Kuhn was a scientist and a historian of science more than a philosopher, but the ideas he had to formulate to make sense of his interpretations of science’s history were deeply philosophical. Key to Kuhn’s own understanding of the history of science, and the focus of Morris’ essay, was the concept of incommensurability. Science was not a progress toward better and better knowledge of the world, as traditional ways of writing its history would have it. The history of science actually consisted of a variety of models, ways of understanding the world and articulating problems that are largely unrelated to each other.

Revolutionary periods in science were the time when new models were created and become prominent enough to challenge the old models. This usually happened when some problem that the old model couldn’t make sense of become too noticeable to ignore. Those practicing one model understood the world in a totally different way than those practicing another model. The terms of one model only make sense within that model; to translate terms from one model to another would remove all the distinctive characteristics from the translated model. This is what it means to be incommensurable.

Morris explains that he confronted Kuhn with a problem of incommensurability: If two broadly defined ways of seeing the world were truly incommensurable, which Kuhn assured him they were, then a historian of science in the mid 20th century could never truly understand the scientific worldview of the medieval Europeans or ancient Greeks. The history of science itself should be impossible. And the ashtray flew.

Morris goes through several intriguing examples from history and philosophy and the history of philosophy to illustrate his points about the problem of the incommensurability concept. They are quite fascinating, but they all add up to the same point: If different models of understanding the world are genuinely incommensurable, then holders of different models shouldn’t be able to understand each other at all. Yet the conflicts among models of understanding the world seem to be motivated precisely because their opponents understand the new model. Read the articles and think about it.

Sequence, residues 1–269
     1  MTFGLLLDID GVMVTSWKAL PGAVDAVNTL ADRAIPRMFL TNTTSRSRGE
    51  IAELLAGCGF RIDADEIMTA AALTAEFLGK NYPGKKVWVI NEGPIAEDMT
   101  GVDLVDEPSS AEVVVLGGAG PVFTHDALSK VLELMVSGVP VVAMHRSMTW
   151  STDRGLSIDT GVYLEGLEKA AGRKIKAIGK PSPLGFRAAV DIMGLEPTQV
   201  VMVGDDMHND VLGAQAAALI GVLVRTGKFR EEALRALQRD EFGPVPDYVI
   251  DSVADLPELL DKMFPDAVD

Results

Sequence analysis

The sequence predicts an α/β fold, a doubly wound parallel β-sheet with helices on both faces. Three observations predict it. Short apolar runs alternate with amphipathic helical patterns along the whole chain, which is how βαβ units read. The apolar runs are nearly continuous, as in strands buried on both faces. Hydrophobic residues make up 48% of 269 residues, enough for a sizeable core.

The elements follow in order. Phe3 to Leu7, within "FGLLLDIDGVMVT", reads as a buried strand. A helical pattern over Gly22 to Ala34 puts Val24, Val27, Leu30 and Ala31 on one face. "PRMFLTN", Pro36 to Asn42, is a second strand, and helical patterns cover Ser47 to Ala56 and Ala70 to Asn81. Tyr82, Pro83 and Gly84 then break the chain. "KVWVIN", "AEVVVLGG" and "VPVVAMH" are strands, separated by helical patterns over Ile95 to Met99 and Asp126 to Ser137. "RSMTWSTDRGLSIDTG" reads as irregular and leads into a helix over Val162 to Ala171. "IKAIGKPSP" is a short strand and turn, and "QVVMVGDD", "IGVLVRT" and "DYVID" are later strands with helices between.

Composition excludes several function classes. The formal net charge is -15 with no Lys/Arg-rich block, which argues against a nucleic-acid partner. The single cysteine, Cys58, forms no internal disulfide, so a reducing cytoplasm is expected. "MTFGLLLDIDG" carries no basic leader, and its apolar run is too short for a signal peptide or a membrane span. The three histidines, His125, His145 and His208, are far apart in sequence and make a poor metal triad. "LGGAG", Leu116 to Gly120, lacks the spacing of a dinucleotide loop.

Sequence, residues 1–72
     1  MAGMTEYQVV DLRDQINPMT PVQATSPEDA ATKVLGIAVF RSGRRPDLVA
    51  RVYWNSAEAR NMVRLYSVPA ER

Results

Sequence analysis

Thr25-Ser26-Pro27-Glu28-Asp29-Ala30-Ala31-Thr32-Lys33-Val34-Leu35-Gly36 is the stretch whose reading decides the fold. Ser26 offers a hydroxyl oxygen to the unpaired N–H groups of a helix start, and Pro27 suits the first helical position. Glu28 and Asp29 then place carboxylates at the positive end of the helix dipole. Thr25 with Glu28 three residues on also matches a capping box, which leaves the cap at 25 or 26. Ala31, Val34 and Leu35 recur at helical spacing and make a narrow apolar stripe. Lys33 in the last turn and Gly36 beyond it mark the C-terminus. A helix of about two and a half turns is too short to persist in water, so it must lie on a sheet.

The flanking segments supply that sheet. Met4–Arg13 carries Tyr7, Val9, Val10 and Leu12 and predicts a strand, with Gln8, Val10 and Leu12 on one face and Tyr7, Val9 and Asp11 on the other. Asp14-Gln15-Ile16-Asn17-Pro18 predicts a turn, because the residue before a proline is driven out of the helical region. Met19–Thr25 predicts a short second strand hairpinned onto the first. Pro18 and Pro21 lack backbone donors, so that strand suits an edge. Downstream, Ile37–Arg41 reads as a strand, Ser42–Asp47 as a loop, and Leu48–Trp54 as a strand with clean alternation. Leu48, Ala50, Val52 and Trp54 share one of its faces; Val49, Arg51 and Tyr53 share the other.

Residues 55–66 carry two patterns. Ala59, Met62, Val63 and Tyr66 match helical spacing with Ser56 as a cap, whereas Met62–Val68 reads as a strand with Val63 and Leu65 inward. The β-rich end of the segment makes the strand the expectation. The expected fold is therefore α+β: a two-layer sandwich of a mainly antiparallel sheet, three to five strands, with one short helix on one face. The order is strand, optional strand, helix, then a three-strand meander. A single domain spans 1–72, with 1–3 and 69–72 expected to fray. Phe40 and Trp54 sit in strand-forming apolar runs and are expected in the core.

Are you finished? Good.

I first heard of Errol Morris when I saw his documentary about the career of Robert McNamara, The Fog of War. I thought it was a brilliant exploration of how a sharp, intelligent, and empathetic person found himself becoming the architect of one of the most terrifying mistakes the American government ever made: its invasion of Vietnam. As I started hearing more about Morris’ history, I was less impressed.

When his filmmaking career began, Morris was friends with Werner Herzog, and would always talk to Herzog about this idea he had for a documentary about pet cemetaries and the people who use their services. But he would always come up with excuses as to why the film could never get off the ground. Finally Herzog said that if Morris ever actually got his film made, Herzog would eat the very boots that he was wearing at the time of the challenge. Morris made Gates of Heaven, and at its festival premiere, Herzog ate the boiled shoes from the challenge. The result was another short documentary: the hilarious Werner Herzog Eats His Shoe. But it took a shoe eating challenge from Germany’s greatest living director to get it off the ground. I discovered on the commentary for Herzog’s Stroszek that this film was generated when Herzog went to rural Wisconsin to help make a documentary about Morris’ early life. But Morris never showed up, so Herzog wandered around small-town Wisconsin himself, coming up with ideas for the film that eventually became Stroszek. A wonderful result, but borne of Morris’ scatterbrained laziness.

Perhaps despite of these habits of his personality, Morris has written a fine series of articles that work a general audience through complex philosophical problems. The project suffers, I think, from the prominence that having an ashtray whipped at his head plays in his memories of Kuhn. That confrontation colours his entire view of Kuhn: With every interaction they had about what incommensurability meant, Morris thought Kuhn's anger was a sign that Morris was getting to the older man, forcing him to deal with something he didn't want to admit. Having won the staring contest, Morris presumes his suspicions were right, and doesn't think about the miscommunication he and Kuhn could have had from the beginning. I don't blame him for being affected by nearly being knocked out with an ashtray, but there is more nuance to Kuhn's (or at least Kuhn-inspired) thinking than Morris suggests.